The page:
Dissatisfaction After Post-Mastectomy Breast Reconstruction: A Mixed-Methods Study.

Journal Article (Journal Article)

BACKGROUND: Breast reconstruction is associated with improved patient well-being after mastectomy; however, factors that contribute to post-surgical dissatisfaction remain poorly characterized. METHODS: Adult women who underwent post-mastectomy implant-based or autologous breast reconstruction between 2015 and 2019 were recruited to participate in semi-structured interviews regarding their lived experiences with reconstructive care. Participants completed the BREAST-Q, and tabulated scores were used to dichotomize patient-reported outcomes as satisfied or dissatisfied (high or low) for each BREAST-Q domain. A convergent mixed-methods analysis was used to evaluate interviews for content related to satisfaction or dissatisfaction with breast reconstruction. RESULTS: Overall, we interviewed 21 women and identified 17 subcodes that corresponded with the five BREAST-Q domains. Sources of dissatisfaction were found to be related to the following domains: (a) low breast satisfaction due to asymmetry, cup size, and lack of sensation and physical feeling (n = 8, 38%); (b) poor sexual well-being due to shape, look and feel (n = 7, 78% [of 9 who discussed sexual well-being]); (c) reduced physical well-being of the chest due to persistent pain and weakness (n = 11, 52%); (d) reduced abdominal well-being due to changes in abdominal strength, numbness, and posture (n = 6, 38% [of 16 who underwent abdominally based reconstruction]); and (e) low psychosocial well-being impacted by an unexpected appearance that negatively influenced self-confidence and self-identity (n = 13, 62%). CONCLUSION: Patients may be unprepared for the physical, sexual, and psychosocial outcomes of breast reconstruction. Targeted strategies to improve preoperative education and shared decision making are needed to mitigate unexpectedness associated with breast reconstruction and related outcomes.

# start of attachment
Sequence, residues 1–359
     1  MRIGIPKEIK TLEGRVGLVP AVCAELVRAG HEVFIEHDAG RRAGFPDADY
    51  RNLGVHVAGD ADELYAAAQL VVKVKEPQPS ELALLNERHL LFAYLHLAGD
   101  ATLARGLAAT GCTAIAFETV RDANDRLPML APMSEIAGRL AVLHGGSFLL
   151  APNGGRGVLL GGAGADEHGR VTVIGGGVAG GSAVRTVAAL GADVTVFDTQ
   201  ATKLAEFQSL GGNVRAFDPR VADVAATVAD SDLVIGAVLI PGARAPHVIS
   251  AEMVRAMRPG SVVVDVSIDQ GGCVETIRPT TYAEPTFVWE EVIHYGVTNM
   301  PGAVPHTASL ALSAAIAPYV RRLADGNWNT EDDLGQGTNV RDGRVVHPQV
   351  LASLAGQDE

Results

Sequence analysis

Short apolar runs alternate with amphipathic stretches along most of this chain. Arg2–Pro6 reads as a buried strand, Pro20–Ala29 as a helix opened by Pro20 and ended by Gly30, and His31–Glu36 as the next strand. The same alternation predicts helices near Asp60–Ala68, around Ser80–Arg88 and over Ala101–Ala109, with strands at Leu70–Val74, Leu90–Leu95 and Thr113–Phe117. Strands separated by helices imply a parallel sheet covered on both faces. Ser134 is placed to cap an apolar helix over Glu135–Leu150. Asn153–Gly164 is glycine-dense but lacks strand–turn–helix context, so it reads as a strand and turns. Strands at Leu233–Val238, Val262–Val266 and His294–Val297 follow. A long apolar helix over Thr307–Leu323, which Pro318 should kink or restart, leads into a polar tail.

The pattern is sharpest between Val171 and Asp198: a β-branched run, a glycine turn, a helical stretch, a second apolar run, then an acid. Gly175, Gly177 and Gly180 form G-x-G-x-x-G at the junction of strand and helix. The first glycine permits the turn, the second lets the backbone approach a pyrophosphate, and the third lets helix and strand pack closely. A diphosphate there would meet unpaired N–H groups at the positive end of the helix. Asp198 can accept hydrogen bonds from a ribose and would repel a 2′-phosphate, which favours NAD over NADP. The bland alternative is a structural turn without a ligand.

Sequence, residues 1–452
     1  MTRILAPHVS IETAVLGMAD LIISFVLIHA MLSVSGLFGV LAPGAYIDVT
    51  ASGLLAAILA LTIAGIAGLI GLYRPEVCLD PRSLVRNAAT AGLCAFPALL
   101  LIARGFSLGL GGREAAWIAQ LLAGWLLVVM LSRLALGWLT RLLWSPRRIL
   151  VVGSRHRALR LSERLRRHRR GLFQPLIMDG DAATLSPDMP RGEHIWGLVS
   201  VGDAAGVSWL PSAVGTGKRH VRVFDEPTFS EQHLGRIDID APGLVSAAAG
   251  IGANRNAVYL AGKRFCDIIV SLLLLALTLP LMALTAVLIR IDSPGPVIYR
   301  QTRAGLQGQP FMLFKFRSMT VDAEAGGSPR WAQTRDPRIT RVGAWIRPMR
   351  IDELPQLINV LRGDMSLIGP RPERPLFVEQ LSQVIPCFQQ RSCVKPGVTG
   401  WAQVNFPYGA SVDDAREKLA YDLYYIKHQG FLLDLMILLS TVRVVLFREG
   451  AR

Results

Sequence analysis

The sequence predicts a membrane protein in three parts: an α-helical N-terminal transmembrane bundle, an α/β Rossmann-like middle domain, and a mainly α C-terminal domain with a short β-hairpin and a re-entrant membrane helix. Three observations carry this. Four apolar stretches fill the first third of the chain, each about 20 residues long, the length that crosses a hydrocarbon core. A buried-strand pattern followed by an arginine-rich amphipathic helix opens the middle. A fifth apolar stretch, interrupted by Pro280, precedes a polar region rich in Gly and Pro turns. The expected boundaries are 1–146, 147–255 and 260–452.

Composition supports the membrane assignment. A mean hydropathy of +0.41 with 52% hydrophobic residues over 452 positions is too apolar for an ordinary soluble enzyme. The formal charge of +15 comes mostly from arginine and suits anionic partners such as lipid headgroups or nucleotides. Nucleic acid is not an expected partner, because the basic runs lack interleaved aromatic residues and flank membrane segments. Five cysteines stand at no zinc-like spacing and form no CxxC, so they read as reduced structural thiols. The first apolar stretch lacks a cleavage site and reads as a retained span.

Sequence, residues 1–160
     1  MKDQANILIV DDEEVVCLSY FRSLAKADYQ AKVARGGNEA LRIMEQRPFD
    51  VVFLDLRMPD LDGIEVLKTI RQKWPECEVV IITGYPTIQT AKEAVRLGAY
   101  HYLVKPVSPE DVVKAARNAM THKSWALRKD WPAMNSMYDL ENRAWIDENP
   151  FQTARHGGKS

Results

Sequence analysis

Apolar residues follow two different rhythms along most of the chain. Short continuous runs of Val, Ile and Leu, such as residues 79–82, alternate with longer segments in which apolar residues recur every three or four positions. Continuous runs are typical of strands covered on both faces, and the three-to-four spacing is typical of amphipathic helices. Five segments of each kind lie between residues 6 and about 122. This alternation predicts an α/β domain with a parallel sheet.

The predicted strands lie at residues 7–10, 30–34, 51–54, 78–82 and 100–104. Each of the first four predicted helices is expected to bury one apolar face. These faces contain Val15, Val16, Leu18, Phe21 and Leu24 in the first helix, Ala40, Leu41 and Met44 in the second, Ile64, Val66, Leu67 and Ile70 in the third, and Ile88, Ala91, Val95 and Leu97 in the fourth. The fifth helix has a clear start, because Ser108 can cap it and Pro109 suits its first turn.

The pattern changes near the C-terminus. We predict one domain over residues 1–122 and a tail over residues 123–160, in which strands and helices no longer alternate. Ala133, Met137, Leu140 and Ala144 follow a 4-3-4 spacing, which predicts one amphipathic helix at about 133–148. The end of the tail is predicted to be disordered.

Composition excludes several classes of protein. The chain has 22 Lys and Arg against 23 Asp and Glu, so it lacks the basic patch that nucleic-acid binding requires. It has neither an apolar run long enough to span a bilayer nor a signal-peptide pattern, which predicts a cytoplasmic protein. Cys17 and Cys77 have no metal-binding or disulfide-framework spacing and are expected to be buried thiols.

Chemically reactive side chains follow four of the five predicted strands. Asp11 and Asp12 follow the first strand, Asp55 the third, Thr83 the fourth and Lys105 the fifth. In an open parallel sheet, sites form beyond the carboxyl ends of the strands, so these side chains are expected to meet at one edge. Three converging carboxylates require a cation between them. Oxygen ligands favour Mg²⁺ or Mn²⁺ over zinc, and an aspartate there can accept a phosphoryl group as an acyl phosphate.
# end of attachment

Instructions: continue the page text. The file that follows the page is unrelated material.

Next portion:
Full Text

Duke Authors

Cited Authors

  • Shammas, RL; Fish, LJ; Sergesketter, AR; Offodile, AC; Phillips, BT; Oshima, S; Lee, CN; Hollenbeck, ST; Greenup, RA

Published Date

  • February 2022

Published In

Volume / Issue

  • 29 / 2

Start / End Page

  • 1109 - 1119

PubMed ID

  • 34460034

Electronic International Standard Serial Number (EISSN)

  • 1534-4681

Digital Object Identifier (DOI)

  • 10.1245/s10434-021-10720-9


  • eng

Conference Location

  • United States